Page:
Frequently Asked Questions

The reason there are so many different types of safes, is because there are many different requirements for the size, function, level of security and/or fire protection or the type of items that need protecting. There is no single design that provides a solution for every different application.

The best advice is to have a think about several defining questions to help narrow your search options, then browse the product catalogue to see which safes suit your individual needs.

Some suitable questions would be:

What size safe can I fit into my allocated space?
What size are the items I need to store inside my safe?
What type of locking functions do I need?
Do my items require protection from fire and theft?
Does my insurance company require a particular safe to be installed?
Will there be controlled substances or firearms stored inside the safe?

With the answers to these questions, you can quickly narrow down the suitable options and browse only the most relevant products on our page.

There is no single type of safe that is always the best choice. While in-floor safes do offer complete concealment, a major feature that most other safes do not, there are also many features that you cannot get in an in-floor safe, such as certified fire testing and guarantees.

Other considerations you should think about when thinking of installing a below ground safe are:

Whether you may be exposed to excessive moisture from the ground?

If the holes in the concrete floor would affect any relevant pest barriers?

Is it difficult for you to access items from below ground level comfortably?

Will you be able to fit everything inside without being able to use shelving?

A cash rating is a term used to try and assist with measuring or rating the level of security offered by a particular safe, based on the materials used in the construction, the strength and type of locking devices fitted as well as resistance to any other possible methods of entry. These ratings enable you to easily compare different safes and what level of security they will provide.

While ratings are applied using dollar amounts, it is important to make sure you make your own decision on which level of security is most suitable for the level of risk you think you will be exposed to.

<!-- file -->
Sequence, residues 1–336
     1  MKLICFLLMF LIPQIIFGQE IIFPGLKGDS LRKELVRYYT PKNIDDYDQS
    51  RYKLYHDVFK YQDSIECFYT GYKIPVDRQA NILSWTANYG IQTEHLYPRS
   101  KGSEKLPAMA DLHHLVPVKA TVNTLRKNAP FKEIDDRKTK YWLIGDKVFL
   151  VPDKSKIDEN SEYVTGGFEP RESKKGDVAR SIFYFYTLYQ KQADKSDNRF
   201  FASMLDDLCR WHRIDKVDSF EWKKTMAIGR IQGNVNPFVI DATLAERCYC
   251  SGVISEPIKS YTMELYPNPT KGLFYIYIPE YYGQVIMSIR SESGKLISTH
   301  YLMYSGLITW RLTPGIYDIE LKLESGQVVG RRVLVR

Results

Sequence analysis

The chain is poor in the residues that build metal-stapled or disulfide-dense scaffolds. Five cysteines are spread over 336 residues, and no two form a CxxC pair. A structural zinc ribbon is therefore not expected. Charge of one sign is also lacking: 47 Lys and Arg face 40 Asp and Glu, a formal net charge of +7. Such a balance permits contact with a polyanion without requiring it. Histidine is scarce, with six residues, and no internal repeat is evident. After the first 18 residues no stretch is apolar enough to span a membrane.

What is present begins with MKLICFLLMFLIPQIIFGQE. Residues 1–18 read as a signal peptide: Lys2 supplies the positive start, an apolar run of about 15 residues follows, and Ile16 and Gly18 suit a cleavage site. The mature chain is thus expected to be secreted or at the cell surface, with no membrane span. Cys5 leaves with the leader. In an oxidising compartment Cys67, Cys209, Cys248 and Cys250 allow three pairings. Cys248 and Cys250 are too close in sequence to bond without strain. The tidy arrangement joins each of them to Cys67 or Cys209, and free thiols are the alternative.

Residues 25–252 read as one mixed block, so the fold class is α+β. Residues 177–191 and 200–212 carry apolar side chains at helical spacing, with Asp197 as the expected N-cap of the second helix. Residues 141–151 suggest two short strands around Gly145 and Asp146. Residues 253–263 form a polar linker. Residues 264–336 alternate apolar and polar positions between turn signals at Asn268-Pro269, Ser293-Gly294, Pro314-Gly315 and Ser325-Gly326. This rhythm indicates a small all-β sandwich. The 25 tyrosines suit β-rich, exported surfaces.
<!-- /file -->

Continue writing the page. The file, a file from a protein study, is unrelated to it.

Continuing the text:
It is also very important to note that in Australia, there isn’t any official testing body that applies certified cash ratings to safes. Ratings are provided by the manufacturer and while they do make reasonable assessments based on industry comparisons to try and apply an accurate figure, there can sometimes be inflated or misleading ratings applied.

Make sure to ask the question as to why a particular rating was applied and how it compares to other models. Also, always consult your individual insurance company to determine if they have specific requirements for a safe when insuring cash or valuable items.

A fire rating is a reference to the level of protection a safe offers the contents against fire. Most ratings are described as a combination of temperature and time to give an accurate and easy to understand indication as to the level of protection provided.

As an example, Dominator Safes have safes that are certified to comply with the CNS Class 350F 105 minute rating. 350 degrees Fahrenheit is the point at which paper will get damaged from heat. With the testing furnace heated up to over 1300F, the internal compartments remained below 350F for 105 minutes.

You can use this information to determine if the provided fire protection is adequate for the intended application.

Many safes carry a “recommended” or uncertified fire ratings. These safes are guaranteed by the manufacturer based on their own design and testing and have not been tested by an independent testing house.

It is important to note that all of these ratings use the burning point of paper as a basis. You would need to look into the burning point/temperature of the particular items you want to protect in order to determine if the rating would provide sufficient protection.

There are several different types of locks used on our safes, so you will need to identify the model of safe in order to obtain the correct operating and combination changing instructions.

We have provided links to all of the common types of locks used on our safes under the ‘User Guides and Instructions’ heading to assist you with the relevant procedures. If you need any further assistance, feel free to email us or contact us by phone or email.

While sometimes there are limitations in the ability to install or securely affix a safe to your premises, Safe Central will always recommend installing your safe to increase its ability to resist forced entry and removal.

While concrete and/or brick structures will provide the most secure anchoring, you will still dramatically increase the security of your safe by securing it to steel or even timber structures.

Make sure to use quality fixings and have them installed correctly to maximize the protection offered and seek professional assistance from a police licensed safe installer if uncertain.